I totally get how busy and stressful shows can be, but take a moment to imagine what it would be like to engage with some of the spectators who often look a little lost. They’re standing around flipping through a program and hoping it can tell them what the heck is going on. We as eventers can reach out to begin opening a dialogue on what our sport is really about.

If you see a group of people standing on the sidelines looking a little lost, take the time to talk to them. Bring some strangers along with you on your course walk. Give your ribbon away to a kid you see watching (honestly you have enough in your tack room, right?). These are the kinds of changes that we can make (without using any additional resources) to engage the public and ensure that their spectating experience gives them a reason to come back. Maybe they’ll even invite other friends to join them.

Any eventer can tell you that the greatest thing about our sport is the spirit of friendship and community that travels with us around the country and even the world. So what could be better than to invite people into our midst by being outgoing and welcoming? I am a lower level eventer, a mom, a former working student and someone who was once very much an outsider of the eventing world. It turns out I didn’t need to be a marketing expert or a technical delegate to come up with a realistic and effective strategy to make eventing more appealing to the public.

All we need is love, guys!

The Dos and Don’ts of Working Student Life

We announced the finalists in the 7th Annual EN Blogger Contest, and now we are bringing you their first round submissions. Leave your feedback in the comments, and please offer your encouragement and support to the finalists! We hope you enjoy their creativity, insight and love of the sport.

Allow me to tell you a cautionary tale …

In the 10 months that I spent as a working student I created amazing memories, learned volumes and made an absurd number of mistakes. Luckily for you I’m going to reveal some of my own fumbles, as well as what I was able to learn from them in hindsight. Whether you are a working student currently, hope to be one someday or just enjoy a good old cautionary tale, I’ve got you covered!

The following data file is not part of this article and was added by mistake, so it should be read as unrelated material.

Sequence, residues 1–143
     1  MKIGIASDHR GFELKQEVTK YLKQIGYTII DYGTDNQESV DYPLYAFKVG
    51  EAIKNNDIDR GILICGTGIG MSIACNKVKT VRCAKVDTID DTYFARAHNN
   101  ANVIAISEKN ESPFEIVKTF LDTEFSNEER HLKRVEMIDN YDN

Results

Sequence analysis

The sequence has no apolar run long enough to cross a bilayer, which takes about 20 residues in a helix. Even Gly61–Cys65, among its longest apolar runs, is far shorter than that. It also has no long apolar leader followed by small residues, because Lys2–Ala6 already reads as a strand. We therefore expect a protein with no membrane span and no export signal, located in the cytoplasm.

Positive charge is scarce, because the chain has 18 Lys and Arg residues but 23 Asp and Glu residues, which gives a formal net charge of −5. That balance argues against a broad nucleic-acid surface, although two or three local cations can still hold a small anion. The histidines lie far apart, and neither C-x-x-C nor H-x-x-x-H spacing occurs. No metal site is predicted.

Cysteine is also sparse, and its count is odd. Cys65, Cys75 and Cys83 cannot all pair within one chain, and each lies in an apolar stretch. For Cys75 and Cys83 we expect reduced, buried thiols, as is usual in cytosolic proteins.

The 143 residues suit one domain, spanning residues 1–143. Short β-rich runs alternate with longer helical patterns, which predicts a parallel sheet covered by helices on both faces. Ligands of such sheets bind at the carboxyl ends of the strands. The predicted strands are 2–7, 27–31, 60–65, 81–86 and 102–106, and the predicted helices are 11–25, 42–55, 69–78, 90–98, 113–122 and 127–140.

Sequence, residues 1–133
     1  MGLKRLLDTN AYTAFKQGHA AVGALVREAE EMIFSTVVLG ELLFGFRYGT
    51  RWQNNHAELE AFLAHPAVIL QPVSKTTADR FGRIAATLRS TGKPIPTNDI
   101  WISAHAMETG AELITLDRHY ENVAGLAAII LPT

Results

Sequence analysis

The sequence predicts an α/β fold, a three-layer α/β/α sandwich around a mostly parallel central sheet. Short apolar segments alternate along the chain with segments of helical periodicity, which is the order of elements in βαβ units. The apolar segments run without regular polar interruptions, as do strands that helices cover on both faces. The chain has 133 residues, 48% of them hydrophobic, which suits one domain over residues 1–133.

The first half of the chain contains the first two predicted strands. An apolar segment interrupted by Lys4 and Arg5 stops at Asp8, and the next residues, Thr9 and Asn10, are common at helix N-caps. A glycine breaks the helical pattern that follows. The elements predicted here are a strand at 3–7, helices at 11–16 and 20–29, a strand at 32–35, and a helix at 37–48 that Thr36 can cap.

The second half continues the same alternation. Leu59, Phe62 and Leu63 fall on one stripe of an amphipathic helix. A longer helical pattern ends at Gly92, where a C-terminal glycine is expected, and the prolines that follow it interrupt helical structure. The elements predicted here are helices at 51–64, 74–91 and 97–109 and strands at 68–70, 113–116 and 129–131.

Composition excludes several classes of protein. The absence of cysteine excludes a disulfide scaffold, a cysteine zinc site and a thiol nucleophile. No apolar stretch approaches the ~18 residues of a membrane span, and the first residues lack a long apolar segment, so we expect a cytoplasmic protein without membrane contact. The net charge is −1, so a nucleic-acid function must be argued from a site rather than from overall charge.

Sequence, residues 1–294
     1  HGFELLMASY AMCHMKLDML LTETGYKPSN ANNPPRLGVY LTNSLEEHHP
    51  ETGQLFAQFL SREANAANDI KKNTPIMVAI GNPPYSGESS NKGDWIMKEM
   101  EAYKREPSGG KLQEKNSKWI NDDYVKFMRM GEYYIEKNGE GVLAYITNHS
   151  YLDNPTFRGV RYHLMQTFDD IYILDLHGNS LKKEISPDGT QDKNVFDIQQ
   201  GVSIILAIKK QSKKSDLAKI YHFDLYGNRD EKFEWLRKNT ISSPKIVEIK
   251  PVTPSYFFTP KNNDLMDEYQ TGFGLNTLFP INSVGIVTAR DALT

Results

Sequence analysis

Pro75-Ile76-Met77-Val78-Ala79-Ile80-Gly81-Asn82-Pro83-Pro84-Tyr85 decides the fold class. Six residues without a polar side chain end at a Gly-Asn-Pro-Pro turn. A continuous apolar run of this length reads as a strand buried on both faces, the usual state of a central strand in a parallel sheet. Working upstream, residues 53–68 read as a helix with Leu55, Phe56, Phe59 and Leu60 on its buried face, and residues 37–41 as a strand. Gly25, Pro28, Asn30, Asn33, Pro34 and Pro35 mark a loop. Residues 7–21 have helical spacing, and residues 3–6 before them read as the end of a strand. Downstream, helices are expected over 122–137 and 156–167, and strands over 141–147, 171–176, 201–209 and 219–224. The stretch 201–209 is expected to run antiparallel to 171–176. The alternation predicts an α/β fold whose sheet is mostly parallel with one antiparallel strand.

DO work as hard as you can. I was a terrible rider when I first arrived, but I worked my butt off mucking stalls and helping around the barn and everyone noticed and appreciated it, especially my boss. So instead of being the outcast due to my lack of riding ability I was seen as a valuable team member.

DON’T complain. All of the other working students are tired and sore and covered in bruises and blisters too. They don’t want to hear about it.

DO find healthy, positive ways to handle your stress. I have never been as stressed as I was in my working student days. My biggest mistake was letting my stress get out of control and dealing with it in the most unproductive ways. Exercise, meditate, watch a movie, listen to music, or whatever else helps you feel calm.

DON’T take up smoking cigarettes and drinking to forget about your stress. It won’t end well. Ask me how I know.

DO take the extra time to take care of yourself. Use sunscreen, pack yourself some lunch to eat quickly between rides, drink lots of water. None of this is rocket science, but it’s easy to neglect yourself when there is so much else to do. The healthier you are, however, the more helpful you can be. Your fellow working students, grooms and employers would rather have a happy, nourished worker than a sunburned, hangry, dehydrated mess.

DON’T be selfish. The other working students are in the same boat as you, so help them out whenever you can. They’ll return the favor one day.

DO talk openly with your boss. I was shy and nervous, and this really hurt me in the long run. Looking back I can see how different things could have been if I had been more willing to talk to my boss about problems I was having.

DON’T enter a show when you know that your bank account is literally empty, just because you’re embarrassed to tell coach you can’t afford it.

And finally… DO be kind! Everyone has bad days but, as much as you can, strive to be a smiling face that sets the mood for the barn. Being kind, generous, understanding and patient will have a tremendous impact on your level of success.

About the author: My name is Renee Wright. I am a twenty-something mother of two and a survivor of the Hunger Games working student life. My notable skills include getting lost with a rig full of Buck Davidson’s horses, clipping my own horse half-bald before a lesson with Bruce Sr. and falling off of future CCI4* contenders.